A Hunters Guide to Bull Elk Hunts in the White Mountains of Arizona

Marsupial Makes The Best Binocular Chest Harness

When I’m hunting the rugged backcountry of Arizona I find myself, over the years, dealing with my binoculars just getting in the way.

In the early days I used what came with the binoculars which was a one strap around the neck setup. But as time has gone on there have been innovations made to the bino harness set-up, with many options to choose from including a standard four strap with the binocular being exposed, to the all-inclusive harnesses for your binoculars which secures your binoculars inside a pouch and gives added pockets for windage indicators, glasses cleaner, and range finder. These added spaces allow a hunter to grab the necessary items when they are needed in a pinch.

Now I have gotten into the more advanced bino harnesses and packs and the one which I find very functional, useful and all-around best binocular case for my hunts are made by Marsupial.

The configuration for a great binocular case starts with the size of your binoculars. As the different brands have varying sizes of binoculars it is best to make sure you match the binoculars with the case.

The great part of the Marsupial Gear brand is that they offer Small, Medium, and Large packs and they tell you straight up if a brand doesn’t fit their packs. When you check their website directly they have a list of the different brands and the models to tell you which Marsupial you should purchase for your binos.

While the information is extensive and you can find a variety of brands and models, if you own another brand I would suggest you utilize their sizing chart and measure your binoculars to compare. If you have the opportunity to fit your binoculars onsite with any chest case it would be best to verify the fit of your binoculars.

Many ask if the binocular case will provide additional features and yes many cases will have several pockets and areas for additional storage. As a backwoods hunter, I want some specific items at my fingertips for a quick retrieval.

For instance, I would want a small pouch for my powder windage indicator. The quick access would allow me to understand which direction my scent would be heading while traversing the mountainside.

Another item I’d want to quickly grab is my range finder. When the elk or deer are out on my horizon, I need to understand how far they are. As a back country mountain bow hunter, I must understand my distance at a moment’s notice.

While having areas to store additional items on the binocular case seems important, I do have pockets and other areas I can have these items stored on my body.

That brings me to a very important point of the binocular case packs. Do not go into the field without practicing with yours on your body. I found that a bulky case makes it hard for me to draw my bowstring and a few times when I was riffle hunting I found my case prohibited me from lying prone and taking a shot.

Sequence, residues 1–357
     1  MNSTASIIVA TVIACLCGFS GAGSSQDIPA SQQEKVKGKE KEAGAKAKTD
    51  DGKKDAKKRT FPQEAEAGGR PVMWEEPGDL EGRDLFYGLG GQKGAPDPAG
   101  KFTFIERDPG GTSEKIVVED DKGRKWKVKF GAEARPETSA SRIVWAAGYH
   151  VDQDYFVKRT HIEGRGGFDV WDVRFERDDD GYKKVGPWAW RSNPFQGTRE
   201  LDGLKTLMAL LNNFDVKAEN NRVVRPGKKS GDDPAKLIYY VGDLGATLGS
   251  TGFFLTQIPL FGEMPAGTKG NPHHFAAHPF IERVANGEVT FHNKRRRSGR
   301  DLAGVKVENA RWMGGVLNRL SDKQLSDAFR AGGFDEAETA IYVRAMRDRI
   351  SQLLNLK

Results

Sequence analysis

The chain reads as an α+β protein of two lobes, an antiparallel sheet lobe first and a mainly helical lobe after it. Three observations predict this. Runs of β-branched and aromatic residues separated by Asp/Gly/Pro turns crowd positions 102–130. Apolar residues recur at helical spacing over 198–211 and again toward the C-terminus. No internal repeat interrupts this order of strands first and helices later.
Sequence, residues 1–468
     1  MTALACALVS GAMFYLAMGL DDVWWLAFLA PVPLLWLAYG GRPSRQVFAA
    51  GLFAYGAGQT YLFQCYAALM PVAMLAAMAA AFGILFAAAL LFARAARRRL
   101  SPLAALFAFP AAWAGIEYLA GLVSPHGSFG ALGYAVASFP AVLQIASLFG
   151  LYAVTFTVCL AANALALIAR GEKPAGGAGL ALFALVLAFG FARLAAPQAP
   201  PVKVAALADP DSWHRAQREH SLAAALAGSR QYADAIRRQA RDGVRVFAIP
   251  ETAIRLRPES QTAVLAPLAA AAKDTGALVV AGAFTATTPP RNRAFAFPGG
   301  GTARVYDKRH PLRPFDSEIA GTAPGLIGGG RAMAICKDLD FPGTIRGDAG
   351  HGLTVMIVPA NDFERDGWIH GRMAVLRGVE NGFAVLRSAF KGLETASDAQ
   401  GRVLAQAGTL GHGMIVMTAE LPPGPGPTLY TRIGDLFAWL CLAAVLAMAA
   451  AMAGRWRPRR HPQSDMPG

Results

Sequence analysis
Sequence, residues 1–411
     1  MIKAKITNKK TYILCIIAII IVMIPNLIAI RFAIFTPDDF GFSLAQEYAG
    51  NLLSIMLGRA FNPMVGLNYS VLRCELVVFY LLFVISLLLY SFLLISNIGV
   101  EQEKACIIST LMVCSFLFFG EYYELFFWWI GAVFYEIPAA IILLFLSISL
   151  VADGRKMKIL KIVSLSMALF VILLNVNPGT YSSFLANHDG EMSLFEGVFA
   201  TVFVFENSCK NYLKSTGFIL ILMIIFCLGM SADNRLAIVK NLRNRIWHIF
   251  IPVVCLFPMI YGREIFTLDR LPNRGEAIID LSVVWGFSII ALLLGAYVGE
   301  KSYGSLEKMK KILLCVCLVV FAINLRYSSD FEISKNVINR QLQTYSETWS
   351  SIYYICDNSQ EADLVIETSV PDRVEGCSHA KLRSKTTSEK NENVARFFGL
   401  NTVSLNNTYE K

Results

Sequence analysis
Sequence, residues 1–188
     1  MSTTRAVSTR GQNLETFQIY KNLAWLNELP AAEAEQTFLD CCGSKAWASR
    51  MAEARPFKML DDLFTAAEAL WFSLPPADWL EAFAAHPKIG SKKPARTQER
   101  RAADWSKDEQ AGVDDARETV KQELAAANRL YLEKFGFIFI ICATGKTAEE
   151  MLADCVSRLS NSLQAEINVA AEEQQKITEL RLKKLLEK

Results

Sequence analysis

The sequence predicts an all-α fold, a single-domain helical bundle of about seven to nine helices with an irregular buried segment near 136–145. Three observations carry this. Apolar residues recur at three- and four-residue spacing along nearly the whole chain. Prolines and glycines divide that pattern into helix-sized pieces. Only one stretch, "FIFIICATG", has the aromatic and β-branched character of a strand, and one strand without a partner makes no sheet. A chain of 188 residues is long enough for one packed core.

So the moral of this point is to take the time to practice before you enter the field.

You can get more information by clicking on the “best binocular case” highlighted above to get more information from the Shaggy Outdoors Team.




Hunting Adventure Seekers In The White Mountains of Arizona

Since around 1993 the Shaggy Outdoor Team has been hunting and fishing in the Mountains of Arizona. While I came from a state which had little to no public hunting, this vast wilderness of available land to hunt and fish was incredible.

It took till 2005 for me to hunt and kill my first Bull Elk in the White Mountains of Arizona. A tenuous hunt filled with knee-high snow and mountainous terrain. This is when I found that the Mtns-R-Us was in my soul.

I hiked with my pack prepared for the kill of a beautiful elk in the late seasons of Unit 1. I found myself over dress and underprepared for this hunt as my local friend flew up and down those hillsides in that knee-high snow like he was walking on flat ground.

I didn’t need those heavy winter boots and thick winter hunting clothes. My companion proved that standard hiking boots and a lightweight jacket were all one needed. What he knew that I didn’t was we wouldn’t be out for hours or even days. He knew we’d be back at the truck within a couple of hours because I was not ready for this challenge.

I was successful on that first Bull Elk trip, not for the dense layers of clothes, but for just circumstance that left me strolling the mountains on my own. Yes, I hiked a short distance that morning I was successful to find myself face to face with a cow elk at 2 feet and a bull and 50 yards.

What a great hunt. Successful and memorable to boot.

Outdoor adventure seekers should always look to push themselves and get uncomfortable. I know that trip allowed me to learn more about the White Mountains of Arizona than I expected. And today my hunts are all measured by that first Bull Elk kill. None have lived up to that first time yet, but a new adventure is always one fall hunting season away.